I want to estimate the four parameters of Exponentiated Modified Weibull Extension (EMWE) distribution introduced by Sarhan and Apaloo (2013) with the Maximum Likelihood Estimation (MLE). This distribution is used in reliability and survival analysis to analyze the dataset with bathtub hazard function.

Because the first derivative of the log-likelihood function of the four parameters give implicit solutions then I tried to continue with the Newton-Raphson iteration method. It's just that I am not familiar in determining the good initial guess for this method because my main focus is how to choose the right initial guess to obtain the bathtub hazard function. I'm using R and here is the code:

```
#Parameter Estimation
xi<-c(3,4,4,4,4,4,4,4,4,4,4,4,5,5,5,5,5,5,5,5,5,5,5,5,5,5,5,6,6,6,6,6,6,6,6,6,6,6,6,6,6,6,6,6,6,6,6,6,7,7,7,7,7,7,7,7,7,7,7,7,7,7,7,7,7,7,8,8,8,8,8,8,8,8,9,9,9,9,9,10,10,11,12,12,14)
n<-length(xi)
log_likelihood<-function(theta){
n*(log(theta[1])+log(theta[2])+log(theta[3])+(1-theta[2])*log(theta[4])+theta[1]*theta[4])+(theta[2]-1)*sum(log(xi))+(1/(theta[4]^theta[2]))*sum(xi^theta[2])-(theta[1]*theta[4])*sum(exp((xi/theta[4])^theta[2]))+(theta[3]-1)*sum(1-(exp((theta[1]*theta[4])*(1-(exp((xi/theta[4])^theta[2]))))))
}
result<-nlm(log_likelihood,theta<-c(0.000030763,2.2011,0.11878,6),hessian=TRUE)
```

I realized that in any optimization problem, there is no systematic choice of an initial guess. In Maximum Likelihood problems, though, a common choice is to choose initial parameters that match the empirical moments (mean, variance, etc...) of the observed data, so I choose:

```
theta[1]=0.0000022011
theta[2]=1.1878
theta[3]=0.21669
theta[4]=6.4941
```

where `theta[1]`

and `theta[4]`

are the scale parameter, `theta[2]`

and `theta[3]`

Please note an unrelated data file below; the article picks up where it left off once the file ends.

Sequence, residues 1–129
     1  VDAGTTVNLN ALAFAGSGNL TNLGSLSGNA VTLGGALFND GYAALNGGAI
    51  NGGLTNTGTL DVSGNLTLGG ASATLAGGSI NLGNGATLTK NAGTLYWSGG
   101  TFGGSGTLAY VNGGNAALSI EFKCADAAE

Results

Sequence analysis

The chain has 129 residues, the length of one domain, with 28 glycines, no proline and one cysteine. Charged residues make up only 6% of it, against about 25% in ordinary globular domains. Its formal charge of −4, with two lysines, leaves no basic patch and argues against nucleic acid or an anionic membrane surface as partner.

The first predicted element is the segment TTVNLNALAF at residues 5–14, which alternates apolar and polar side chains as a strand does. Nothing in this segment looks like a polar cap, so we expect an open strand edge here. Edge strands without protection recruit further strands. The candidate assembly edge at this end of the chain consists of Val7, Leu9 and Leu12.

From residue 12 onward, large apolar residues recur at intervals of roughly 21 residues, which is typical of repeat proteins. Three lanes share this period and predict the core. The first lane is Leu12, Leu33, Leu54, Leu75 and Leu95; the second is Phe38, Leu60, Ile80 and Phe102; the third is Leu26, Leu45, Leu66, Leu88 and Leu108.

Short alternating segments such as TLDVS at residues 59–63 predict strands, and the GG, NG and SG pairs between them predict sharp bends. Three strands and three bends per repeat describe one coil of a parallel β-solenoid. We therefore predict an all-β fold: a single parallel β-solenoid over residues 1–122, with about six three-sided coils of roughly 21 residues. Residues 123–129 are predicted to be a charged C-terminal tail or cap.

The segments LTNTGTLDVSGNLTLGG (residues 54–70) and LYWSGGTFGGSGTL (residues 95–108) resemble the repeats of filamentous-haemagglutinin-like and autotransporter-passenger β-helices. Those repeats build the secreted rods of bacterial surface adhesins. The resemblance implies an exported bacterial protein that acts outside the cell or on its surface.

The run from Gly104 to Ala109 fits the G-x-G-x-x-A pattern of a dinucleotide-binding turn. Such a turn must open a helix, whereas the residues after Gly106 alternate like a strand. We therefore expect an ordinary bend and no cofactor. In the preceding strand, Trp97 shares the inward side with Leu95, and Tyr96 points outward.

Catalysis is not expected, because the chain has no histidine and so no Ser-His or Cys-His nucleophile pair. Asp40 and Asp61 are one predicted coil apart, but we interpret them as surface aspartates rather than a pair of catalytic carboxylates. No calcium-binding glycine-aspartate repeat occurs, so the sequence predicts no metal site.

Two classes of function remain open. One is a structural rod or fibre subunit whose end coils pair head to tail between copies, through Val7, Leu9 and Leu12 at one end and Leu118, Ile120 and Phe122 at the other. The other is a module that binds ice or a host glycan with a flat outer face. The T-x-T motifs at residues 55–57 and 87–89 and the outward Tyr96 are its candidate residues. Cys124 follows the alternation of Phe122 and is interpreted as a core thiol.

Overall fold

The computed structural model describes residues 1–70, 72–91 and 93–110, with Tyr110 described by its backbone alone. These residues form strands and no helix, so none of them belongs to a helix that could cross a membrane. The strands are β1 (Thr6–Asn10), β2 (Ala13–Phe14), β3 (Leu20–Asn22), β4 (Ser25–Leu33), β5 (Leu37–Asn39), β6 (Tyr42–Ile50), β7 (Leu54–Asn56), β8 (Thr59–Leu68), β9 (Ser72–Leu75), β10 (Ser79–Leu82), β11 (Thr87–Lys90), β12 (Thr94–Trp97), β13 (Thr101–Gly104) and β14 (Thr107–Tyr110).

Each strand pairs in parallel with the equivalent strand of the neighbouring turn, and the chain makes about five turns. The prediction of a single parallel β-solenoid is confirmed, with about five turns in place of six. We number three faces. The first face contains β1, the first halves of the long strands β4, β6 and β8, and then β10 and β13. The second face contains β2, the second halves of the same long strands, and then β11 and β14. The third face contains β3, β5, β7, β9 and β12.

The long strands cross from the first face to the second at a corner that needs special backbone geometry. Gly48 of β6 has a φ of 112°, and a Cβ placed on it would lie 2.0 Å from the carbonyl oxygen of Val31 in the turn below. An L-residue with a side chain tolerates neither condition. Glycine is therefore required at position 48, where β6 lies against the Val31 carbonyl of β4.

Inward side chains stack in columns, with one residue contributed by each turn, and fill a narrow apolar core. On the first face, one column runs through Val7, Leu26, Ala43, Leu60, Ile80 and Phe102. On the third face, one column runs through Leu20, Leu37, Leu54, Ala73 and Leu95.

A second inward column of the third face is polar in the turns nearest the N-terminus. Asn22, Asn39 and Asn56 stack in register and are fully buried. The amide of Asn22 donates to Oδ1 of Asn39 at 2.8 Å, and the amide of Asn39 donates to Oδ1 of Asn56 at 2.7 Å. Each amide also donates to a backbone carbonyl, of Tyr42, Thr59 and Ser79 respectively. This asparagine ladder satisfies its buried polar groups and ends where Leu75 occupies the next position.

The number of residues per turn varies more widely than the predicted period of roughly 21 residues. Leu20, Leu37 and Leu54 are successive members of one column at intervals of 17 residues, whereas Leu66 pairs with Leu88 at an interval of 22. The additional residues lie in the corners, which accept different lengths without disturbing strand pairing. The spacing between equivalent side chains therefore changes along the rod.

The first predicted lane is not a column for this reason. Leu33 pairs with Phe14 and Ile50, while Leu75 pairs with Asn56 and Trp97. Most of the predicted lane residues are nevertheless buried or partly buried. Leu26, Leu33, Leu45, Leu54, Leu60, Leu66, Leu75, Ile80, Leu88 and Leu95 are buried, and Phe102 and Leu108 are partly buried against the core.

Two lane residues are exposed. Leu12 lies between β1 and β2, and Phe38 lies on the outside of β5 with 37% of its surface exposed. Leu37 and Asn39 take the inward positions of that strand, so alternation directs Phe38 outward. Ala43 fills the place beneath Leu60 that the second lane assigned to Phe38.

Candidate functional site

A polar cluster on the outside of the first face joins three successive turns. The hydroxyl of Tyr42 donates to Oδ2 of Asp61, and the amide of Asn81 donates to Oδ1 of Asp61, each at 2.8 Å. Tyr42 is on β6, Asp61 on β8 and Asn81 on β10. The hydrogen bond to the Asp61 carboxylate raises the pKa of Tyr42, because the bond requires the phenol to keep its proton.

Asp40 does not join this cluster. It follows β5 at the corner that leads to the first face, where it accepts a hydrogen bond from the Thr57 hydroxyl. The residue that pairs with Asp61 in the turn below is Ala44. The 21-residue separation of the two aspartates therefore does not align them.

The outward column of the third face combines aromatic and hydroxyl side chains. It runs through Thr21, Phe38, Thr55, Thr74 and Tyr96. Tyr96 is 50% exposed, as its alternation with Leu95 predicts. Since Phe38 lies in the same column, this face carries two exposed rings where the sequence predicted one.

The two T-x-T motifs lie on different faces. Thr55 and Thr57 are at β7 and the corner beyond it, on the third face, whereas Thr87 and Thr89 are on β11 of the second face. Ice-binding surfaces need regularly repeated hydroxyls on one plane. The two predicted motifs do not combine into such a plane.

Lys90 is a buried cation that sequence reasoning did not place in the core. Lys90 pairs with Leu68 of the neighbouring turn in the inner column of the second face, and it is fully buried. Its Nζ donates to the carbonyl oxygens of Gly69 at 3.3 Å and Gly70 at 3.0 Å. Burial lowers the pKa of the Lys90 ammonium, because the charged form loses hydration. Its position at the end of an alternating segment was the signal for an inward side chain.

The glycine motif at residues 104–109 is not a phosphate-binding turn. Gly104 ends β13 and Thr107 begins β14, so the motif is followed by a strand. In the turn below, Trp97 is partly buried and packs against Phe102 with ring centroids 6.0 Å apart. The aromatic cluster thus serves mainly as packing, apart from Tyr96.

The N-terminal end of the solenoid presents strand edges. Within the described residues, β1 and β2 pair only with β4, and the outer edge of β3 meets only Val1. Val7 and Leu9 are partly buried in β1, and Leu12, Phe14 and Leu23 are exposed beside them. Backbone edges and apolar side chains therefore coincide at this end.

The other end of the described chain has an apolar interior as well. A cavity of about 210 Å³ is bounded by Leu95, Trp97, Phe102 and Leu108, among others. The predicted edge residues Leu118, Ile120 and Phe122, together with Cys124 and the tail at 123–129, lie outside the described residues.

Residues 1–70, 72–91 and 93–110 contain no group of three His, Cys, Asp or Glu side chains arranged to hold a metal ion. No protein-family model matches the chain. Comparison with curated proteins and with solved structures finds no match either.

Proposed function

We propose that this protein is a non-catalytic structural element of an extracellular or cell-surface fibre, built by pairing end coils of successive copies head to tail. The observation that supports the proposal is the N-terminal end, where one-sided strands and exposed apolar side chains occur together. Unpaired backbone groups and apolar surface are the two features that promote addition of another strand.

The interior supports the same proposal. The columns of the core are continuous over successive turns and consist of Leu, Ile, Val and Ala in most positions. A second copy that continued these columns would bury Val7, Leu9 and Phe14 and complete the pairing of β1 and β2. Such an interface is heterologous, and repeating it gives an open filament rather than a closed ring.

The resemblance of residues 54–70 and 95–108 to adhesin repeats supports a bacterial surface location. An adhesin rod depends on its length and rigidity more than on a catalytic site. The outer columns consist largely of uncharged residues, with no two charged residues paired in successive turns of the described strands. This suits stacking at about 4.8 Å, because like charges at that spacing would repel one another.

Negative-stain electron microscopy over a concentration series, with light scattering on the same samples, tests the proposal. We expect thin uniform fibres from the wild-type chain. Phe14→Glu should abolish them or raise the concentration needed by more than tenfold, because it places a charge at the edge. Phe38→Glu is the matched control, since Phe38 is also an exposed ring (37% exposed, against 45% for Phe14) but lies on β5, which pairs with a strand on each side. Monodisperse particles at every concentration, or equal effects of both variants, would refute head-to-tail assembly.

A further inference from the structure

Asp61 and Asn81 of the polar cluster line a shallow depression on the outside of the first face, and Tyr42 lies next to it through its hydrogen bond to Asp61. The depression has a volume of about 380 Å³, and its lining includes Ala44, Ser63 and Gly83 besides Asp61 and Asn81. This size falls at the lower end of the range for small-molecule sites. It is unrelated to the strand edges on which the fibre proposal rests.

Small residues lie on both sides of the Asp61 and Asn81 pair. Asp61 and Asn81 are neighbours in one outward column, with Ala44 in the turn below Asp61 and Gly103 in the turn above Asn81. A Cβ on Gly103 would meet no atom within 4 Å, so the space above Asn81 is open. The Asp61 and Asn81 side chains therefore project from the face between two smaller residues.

as shape parameter, and here is the result:

```
result
____________________
$minimum
[1] -1167.797
$estimate
[1] 1.540561e-06 1.187800e+00 2.166900e-01 6.494100e+00
$gradient
[1] 4.251830e+07 7.312058e+01 3.922662e+02 -1.815774e+01
$hessian
[,1] [,2] [,3] [,4]
[1,] -2.977361e+10 -7.455449e+02 1.093871e+03 3.396184e+02
[2,] -7.455449e+02 -5.215852e+01 6.316999e-04 -2.725559e+01
[3,] 1.093871e+03 6.316999e-04 -1.808591e+03 -2.906025e-04
[4,] 3.396184e+02 -2.725559e+01 -2.906025e-04 5.665718e+00
$code
[1] 2
$iterations
[1] 1
```

The estimated parameters are:

```
theta[1]=1.540561e-06
theta[2]=1.1878
theta[3]=2.166900e-01
theta[4]=6.4941
```

To obtain the hazard function plot, I use this code:

```
#The estimated parameters
p1=theta[4]
p2=theta[2]
p3=theta[3]
p4=theta[1]
#Hazard Function
hazard_EMWE=(p4*p2*p3*((xi/p1)^(p2-1))*(exp(((xi/p1)^(p2))+(p4*p1*(1-(exp((xi/p1)^(p2)))))))*((1-(exp((p4*p1*(1-(exp((xi/p1)^(p2))))))))^(p3-1)))/(1-(((1-(exp((p4*p1*(1-(exp((xi/p1)^(p2))))))))^(p3))))
#Cumulative Distribution Function
cum_EMWE=((1-(exp((p4*p1*(1-(exp((xi/p1)^(p2))))))))^(p3))
#Hazard Function Plot
plot(xi,hazard_EMWE,type="l" ,main="Hazard Function Plot",xlab="x",ylab="Hazard Function",col = "black",lty=1,lwd=3,ylim=c(0.005,0.008))
```

Here is the plot: bathtub hazard plot

Actually, the plot exhibits the bathtub hazard curve, but I thought that I had chosen the bad initial guess so that the cumulative distribution function is badly different with the empirical distribution function. It means that the data doesn't follow the EMWE distribution whereas my expectation is the data have to follow the EMWE distribution.

The cumulative distribution function and empirical distribution function are shown below: cumulative distribution function and empirical distribution function

So my problem here is related to the initial guess that I use. It could be the poor initial value. Does anyone here has solution in choosing the good initial guess for this dataset?

`gradtol`

parameter – David Heckmann Mar 2 '16 at 14:11